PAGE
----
In a letter to the Gallery, Hunt said that his first object had been to paint a real shepherd and shepherdess ‘and a landscape in full sunlight, with all the colours of luscious summer’, but he also used it to highlight problems in the Church.
The Bible tells how the ‘hireling’ shepherd does not care for his flock the way a true shepherd does. Here the hired help flirts with a young lady about a silly superstition of a death’s head moth, while the sheep stray into the corn and become ‘blown’. The shepherd is likened to the clergy at the time, who neglect their pastoral duties in favour of more high-flown ideals.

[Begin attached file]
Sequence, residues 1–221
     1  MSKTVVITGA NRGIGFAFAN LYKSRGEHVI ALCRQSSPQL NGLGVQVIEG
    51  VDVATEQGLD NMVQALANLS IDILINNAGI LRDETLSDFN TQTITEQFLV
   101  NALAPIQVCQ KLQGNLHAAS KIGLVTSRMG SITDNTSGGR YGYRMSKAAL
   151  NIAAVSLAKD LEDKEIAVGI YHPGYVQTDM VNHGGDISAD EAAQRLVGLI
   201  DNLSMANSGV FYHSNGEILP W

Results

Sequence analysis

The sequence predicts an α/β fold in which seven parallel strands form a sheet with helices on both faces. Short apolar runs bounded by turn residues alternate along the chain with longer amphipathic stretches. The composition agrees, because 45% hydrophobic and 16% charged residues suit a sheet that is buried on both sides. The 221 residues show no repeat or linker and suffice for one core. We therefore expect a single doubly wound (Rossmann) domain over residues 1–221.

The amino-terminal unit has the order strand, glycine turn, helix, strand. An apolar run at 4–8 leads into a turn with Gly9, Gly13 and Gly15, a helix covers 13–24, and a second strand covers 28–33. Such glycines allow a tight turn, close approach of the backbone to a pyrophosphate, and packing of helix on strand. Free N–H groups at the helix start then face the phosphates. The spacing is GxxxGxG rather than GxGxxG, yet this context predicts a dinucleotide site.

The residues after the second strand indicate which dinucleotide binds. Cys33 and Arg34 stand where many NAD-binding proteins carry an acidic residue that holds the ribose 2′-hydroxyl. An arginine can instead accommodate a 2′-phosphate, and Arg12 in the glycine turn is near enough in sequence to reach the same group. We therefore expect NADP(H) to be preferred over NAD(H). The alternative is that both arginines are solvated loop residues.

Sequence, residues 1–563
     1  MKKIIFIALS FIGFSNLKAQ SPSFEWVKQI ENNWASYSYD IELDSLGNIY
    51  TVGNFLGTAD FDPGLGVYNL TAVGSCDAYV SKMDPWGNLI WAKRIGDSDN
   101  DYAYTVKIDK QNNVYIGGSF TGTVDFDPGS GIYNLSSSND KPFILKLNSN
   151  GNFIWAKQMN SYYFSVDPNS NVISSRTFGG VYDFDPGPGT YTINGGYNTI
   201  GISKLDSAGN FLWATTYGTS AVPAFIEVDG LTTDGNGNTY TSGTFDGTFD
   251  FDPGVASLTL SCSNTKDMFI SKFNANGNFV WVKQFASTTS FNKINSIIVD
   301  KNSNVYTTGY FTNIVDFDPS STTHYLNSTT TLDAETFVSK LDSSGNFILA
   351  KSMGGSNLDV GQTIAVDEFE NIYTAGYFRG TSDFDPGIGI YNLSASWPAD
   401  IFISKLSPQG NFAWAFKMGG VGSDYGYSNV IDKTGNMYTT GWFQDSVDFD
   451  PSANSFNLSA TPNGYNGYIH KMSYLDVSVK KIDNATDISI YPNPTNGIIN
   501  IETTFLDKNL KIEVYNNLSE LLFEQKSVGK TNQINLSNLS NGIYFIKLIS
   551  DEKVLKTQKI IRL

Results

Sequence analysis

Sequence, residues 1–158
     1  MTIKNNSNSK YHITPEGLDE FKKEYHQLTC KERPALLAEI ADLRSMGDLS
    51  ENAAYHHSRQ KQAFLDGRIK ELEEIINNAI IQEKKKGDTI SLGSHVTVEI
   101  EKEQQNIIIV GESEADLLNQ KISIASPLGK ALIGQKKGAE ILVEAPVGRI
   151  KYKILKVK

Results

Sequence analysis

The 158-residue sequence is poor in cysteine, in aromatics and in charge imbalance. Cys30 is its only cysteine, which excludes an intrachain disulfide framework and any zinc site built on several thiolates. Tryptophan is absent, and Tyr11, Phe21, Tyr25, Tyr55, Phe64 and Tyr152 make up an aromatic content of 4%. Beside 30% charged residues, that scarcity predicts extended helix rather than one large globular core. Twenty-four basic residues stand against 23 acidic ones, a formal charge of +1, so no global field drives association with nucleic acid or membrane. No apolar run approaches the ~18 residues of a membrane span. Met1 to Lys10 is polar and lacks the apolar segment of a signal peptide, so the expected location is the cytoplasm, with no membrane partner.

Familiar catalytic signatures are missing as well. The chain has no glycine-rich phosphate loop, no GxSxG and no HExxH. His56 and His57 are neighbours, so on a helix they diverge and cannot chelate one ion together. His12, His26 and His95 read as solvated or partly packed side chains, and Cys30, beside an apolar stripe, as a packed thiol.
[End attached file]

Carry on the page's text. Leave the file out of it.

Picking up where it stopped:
Hunt used an innovative painting technique, achieving astonishing clarity and brilliance by painting over a wet, white ground. His bright colours and unflinching realism were as shocking to the public as was the perceived ‘coarse’ nature of the couple.